Powershell function to create a random password with complexity requirement

Today I wrote a post with a Powershell function to create a complex password.
Although it does generate a complex password, it would not be enough for the complexity policy for passwords in Windows. This because the script didn’t check if there was a lowercase, uppercase, number and punctuation mark included.

Now, until now that script was sufficient for my customers because when you script a password you would not get prompted by a nasty error stating that the provided password does not meet the complexity requirements and stuff like that; it will just ram the password in your user object and be done with it.

Now, in the afternoon I received several comments (from Pete Zerger amongst others) about this limitation of my function, so (just to make the community peers happy) I re-wrote the function. And since I was at it, now a default length of 8 characters is used when no length is provided.

Function New-RandomComplexPassword ()
param ( [int]$Length = 8 )
#Usage: New-RandomComplexPassword 12
$Assembly = Add-Type -AssemblyName System.Web
$RandomComplexPassword = [System.Web.Security.Membership]::GeneratePassword($Length,2)
Write-Output $RandomComplexPassword

As you may have noticed, with this version I make use of a .NET assembly instead of native Powershell cmdlets. This is because using the .NET assembly makes the code a lot shorter and faster. Next to that, the script I started to write before I found this assembly was huge and way more complex than it needed to be.
For more information on the assembly I used, check the
MSDN page.


  1. Here is another function for that (do not remember where i found it though)

    function Get-RandomPassword {

            $length = 7,
            $characters = ‘abcdefghkmnprstuvwxyzABCDEFGHKLMNPRSTUVWXYZ123456789!”§$%&/()=?*+#_’
        # select random characters
        $random = 1..$length | ForEach-Object { Get-Random -Maximum $characters.length }

        # output random pwd
        #Write-Host $random
        $private:ofs= “”
        $password = [String]$characters[$random]
        return $password

  2. Jeff Wouters says:

    Hi Niklas,
    Thanks for your feedback, always appreciated.
    Although we already talked about it through Twitter still my reply: You’re function has the same limitation as my first one, it doesn’t enforce the requirement for the password complexity policy… but as you tweeted already, you’ve noticed that 🙂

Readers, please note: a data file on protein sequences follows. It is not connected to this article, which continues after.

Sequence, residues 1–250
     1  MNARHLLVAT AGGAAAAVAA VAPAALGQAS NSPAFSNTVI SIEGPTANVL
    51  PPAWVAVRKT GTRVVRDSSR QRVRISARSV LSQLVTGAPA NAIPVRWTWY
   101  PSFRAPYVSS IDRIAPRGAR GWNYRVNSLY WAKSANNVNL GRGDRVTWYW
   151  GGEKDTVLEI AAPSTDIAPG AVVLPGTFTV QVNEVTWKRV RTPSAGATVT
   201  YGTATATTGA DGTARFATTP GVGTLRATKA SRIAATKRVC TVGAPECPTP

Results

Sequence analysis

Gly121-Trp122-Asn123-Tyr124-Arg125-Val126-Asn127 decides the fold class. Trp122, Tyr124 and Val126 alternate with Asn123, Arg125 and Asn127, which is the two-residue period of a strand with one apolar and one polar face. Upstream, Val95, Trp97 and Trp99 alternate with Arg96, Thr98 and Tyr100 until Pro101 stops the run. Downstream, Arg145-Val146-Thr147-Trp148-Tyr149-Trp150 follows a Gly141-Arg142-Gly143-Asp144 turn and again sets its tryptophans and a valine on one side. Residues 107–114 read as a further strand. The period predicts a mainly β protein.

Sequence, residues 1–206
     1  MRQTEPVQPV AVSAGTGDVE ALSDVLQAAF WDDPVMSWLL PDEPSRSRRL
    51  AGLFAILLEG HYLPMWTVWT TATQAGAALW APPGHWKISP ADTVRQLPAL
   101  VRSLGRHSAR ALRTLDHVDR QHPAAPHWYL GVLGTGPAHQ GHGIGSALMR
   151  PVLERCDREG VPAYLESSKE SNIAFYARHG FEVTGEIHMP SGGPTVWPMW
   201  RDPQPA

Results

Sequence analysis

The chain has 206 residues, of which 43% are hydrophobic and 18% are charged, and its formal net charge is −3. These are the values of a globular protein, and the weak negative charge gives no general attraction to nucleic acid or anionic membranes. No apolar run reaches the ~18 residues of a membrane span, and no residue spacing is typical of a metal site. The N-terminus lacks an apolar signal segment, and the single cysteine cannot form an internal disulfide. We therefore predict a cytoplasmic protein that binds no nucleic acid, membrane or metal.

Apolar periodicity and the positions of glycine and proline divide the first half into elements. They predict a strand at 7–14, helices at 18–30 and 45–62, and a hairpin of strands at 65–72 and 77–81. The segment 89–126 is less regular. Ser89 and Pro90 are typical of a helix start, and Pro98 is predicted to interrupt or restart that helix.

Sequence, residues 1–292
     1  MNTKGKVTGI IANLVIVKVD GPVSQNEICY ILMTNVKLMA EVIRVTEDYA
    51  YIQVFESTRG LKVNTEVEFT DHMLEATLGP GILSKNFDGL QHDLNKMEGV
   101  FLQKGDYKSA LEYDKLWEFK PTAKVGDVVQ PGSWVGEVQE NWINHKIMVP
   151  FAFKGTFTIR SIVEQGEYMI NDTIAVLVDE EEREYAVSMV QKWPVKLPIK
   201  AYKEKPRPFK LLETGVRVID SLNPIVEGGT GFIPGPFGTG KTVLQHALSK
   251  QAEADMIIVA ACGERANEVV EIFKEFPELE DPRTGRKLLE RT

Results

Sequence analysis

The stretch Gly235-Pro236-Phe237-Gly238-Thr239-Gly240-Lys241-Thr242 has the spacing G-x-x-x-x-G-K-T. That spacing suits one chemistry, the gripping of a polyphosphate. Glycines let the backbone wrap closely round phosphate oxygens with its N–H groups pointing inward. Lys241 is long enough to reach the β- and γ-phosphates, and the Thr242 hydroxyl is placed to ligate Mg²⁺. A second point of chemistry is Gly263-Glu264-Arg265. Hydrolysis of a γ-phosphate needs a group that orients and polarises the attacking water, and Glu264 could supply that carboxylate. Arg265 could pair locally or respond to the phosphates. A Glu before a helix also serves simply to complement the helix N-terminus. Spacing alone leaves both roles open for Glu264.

3. Netsec4u says:

    Here is a function using native PowerShell I wrote that generates a random password that meats complex requirements and has a random length between 7 and 16 characters.  I randomized the length to remove the predictability of the length of the generated passwords.

    function Generate-RandomPassword { $rand = New-Object System.Random $Pwlength = $rand.next(7,16) Do { $pw = $null For ($i = 1; $i -le $Pwlength; $i++) { Do { $char = [char]$rand.next(33,126) } while ($char -match “[/,x22\]”) $pw += $Char } } until ($pw -match “(?-i)(?=^.{7,16}$)((?=.*d)|(?=.*W+))(?![.n])(?=.*[A-Z])(?=.*[a-z]).*$”) return $pw}

    I like your elegant solution, but I am not sure I like specifying the minimum number of special characters to include within the generated password.  I suppose a person could randomize this to provide more of a random password.

  4. Jeff Wouters says:

    Hi NetSec4u,
    Nice one!
    Only one small functional risk to your function… it may become too complex for users to remember 🙁
    But if it’s only a password for ‘first use’ and they’ll have to change it afterwards, I think your function would be ‘better’ 🙂 #kudos

  5. toneman says:

    Nice, thanks Jeff! So I was playing with your function, and looking to meet Windows complexity requirements. The first result failed.


  6. me says:

    Note that both Get-Random and generatePassword are not specified to return secure random values, so you shouldn’t trust them to create security sensitive items like passwords. Securely generating random numbers is difficult and these functions may well be doing it wrong.

  7. Jeff Wouters says:

    Hi “Me”,
    Please share any improvements you describe… how would you do it?

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